A pair of Douglas SBD Dauntless aircraft in two different sets of insignia, both from the Summer of 1942, Enterprise Air Group. “GC” on the earlier of the two aircraft is “Group Commander”, in this case either Commander Howard L. Young, Lieutenant Commander C. Wade McClusky, or Lieutenant Commander Maxwell F. Leslie. The first one, “GC”, is from the time they spent on the Enterprise (CV-6) during the Coral Sea campaign, and the second, “B10”, represents the rest of the air group as they appeared during the Battle of Midway. I relied heavily on photos in the book “The Big E - The Story of the USS Enterprise, Illustrated Edition” by Edward P. Stafford for decal placement and types.
I used the home made decals printed on white background for the first decal layer on the bottom, but the tops of each aircraft are different in that the GC aircraft is mostly decal and B10 is mostly hand inked. You can tell when you see the pictures enlarged as the hand inked aircraft has cleaner lines. The home made decals were printed on my 300 DPI printer, so they could look better if they were printed on a 600 DPI or better printer but they’ll do real well for an A&A game piece.
The control surfaces on GC are all decal, but B10 is only decal on the dive flaps on top, the rest of the top control surfaces are hand inked. The cockpits are hand inked as well. The nose guns and upper engine cowl were hand drawn with waterproof ink on clear decal paper because I didn’t want to wait for a decal from the non water-proof print to dry, clear-coat it and wait for that to dry before I could use it. Here you can see the large hand drawn decal on the nose of the aircraft before lots of Micro Sol id applied. Only that section is decal- the rest of the cowl lines & exhaust is hand inked. You cal also see the dive flap and other control surface decals on the first coat of paint. The “step” area on the wing is painted:
The difficult part of using home made decal is the application. You’ve essentially spray painted the top of a decal and cut it from its sheet, immersed it in water to separate it, and applied it to the plastic as soon as it would slide from the paper. The problem is that only then does the decal itself start to absorb the water, making it expand, while the painted top does not. So your home made decal will “peel” up around the edges. I learned the hard way that it’s best to apply liberal amounts of Micro Sol at this phase to help get rid of the curl and help the decal to stick to the aircraft. It didn’t matter if it was applied to clean plastic or a primed piece- lots of Micro Sol was needed. The Micro Sol also helps get rid of “silvering” on the clear parts of the decal. Of course, using the white background, I didn’t have to worry about that, but the decals on top are clear, so I had to use extra care to make sure they didn’t silver. It didn’t matter- some did anyway. As you can see from the picture, I cut sections of the bottom decal from the sheet rather than the entire thing at once. This made it much easier to apply.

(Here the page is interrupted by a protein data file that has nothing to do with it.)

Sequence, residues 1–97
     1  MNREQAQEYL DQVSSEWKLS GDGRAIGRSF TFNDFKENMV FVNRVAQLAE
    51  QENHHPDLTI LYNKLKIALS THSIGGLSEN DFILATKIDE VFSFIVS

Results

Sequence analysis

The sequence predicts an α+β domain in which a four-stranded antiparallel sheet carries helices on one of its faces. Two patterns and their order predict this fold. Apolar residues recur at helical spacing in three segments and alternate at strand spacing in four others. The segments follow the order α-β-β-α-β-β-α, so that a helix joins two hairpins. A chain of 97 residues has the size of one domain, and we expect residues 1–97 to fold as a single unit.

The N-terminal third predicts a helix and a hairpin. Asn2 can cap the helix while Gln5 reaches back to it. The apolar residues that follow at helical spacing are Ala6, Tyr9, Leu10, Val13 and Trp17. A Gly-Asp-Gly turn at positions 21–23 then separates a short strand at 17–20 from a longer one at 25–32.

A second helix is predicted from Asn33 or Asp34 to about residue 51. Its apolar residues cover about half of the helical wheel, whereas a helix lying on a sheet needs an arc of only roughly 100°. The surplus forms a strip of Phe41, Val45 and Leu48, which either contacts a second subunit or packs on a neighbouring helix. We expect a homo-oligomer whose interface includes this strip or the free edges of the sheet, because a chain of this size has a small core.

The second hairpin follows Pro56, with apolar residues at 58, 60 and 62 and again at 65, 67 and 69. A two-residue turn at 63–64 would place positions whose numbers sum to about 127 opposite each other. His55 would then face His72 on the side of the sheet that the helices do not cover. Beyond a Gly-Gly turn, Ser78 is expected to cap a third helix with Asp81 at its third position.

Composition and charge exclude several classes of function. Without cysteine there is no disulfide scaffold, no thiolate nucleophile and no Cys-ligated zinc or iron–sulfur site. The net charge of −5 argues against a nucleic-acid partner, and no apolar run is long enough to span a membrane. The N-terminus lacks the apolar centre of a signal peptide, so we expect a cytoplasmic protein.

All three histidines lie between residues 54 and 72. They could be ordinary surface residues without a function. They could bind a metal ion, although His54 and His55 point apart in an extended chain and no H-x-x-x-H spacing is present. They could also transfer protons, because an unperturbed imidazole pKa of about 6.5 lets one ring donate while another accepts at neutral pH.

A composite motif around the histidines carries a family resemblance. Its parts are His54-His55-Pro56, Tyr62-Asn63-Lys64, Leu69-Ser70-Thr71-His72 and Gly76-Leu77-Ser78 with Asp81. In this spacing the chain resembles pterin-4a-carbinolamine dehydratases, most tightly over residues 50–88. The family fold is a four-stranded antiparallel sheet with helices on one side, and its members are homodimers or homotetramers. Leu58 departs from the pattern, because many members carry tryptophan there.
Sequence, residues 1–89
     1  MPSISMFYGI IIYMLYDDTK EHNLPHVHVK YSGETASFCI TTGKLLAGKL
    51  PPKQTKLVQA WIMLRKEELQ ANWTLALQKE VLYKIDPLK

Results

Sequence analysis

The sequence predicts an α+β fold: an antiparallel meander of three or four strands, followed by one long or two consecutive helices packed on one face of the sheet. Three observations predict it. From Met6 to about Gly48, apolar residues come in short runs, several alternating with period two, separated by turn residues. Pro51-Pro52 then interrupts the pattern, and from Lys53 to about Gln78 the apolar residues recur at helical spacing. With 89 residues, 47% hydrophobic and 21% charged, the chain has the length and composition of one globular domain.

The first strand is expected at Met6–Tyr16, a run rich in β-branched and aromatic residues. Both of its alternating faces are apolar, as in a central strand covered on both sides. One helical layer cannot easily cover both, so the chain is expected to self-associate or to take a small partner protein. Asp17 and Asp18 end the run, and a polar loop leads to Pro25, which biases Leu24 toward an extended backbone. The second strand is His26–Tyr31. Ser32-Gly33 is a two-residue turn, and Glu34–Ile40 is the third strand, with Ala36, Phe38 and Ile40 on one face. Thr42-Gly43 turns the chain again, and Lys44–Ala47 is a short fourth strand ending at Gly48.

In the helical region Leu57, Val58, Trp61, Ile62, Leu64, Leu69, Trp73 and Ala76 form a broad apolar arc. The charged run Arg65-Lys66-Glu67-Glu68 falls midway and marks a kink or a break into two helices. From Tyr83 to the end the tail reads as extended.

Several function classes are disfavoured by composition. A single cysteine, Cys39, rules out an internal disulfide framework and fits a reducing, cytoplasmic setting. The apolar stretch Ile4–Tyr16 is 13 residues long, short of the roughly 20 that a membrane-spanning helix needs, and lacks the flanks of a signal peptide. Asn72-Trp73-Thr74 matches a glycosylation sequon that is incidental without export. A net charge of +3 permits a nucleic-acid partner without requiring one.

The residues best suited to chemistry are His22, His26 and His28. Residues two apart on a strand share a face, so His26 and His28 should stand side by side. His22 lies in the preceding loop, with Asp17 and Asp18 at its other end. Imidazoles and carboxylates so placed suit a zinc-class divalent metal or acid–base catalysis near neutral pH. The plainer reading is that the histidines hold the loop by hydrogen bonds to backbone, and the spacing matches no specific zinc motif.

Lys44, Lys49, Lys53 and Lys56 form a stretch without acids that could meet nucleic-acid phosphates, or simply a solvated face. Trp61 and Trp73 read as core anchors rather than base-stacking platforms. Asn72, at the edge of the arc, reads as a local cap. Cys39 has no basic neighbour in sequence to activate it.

On the picture above, you can see some silvering beneath the clear decal on the dive flaps of each aircraft. If you don’t print with waterproof ink, you can’t poke a pin hole in the decal and add Micro Sol to get rid of the silvering or you run the ink beneath the protective spray, ruining your decal after its been applied. Another thing I learned the hard way. Fortunately, they make 20/0 brushes so those mishaps can be easily cleaned up. I have to say it was easier to match upper and lower control surface lines when inking by hand, since all I had to do was line up my point on top with the decal on the bottom and match them at the edge. Getting the decal to do that was much more difficult, so the rest are getting hand done with only dive flap and engine cowl gun decals on top with the full white decal on the bottom and no stripes on the tail or red dots in the middle of the stars. They may look good, but they are a pain in the rear end!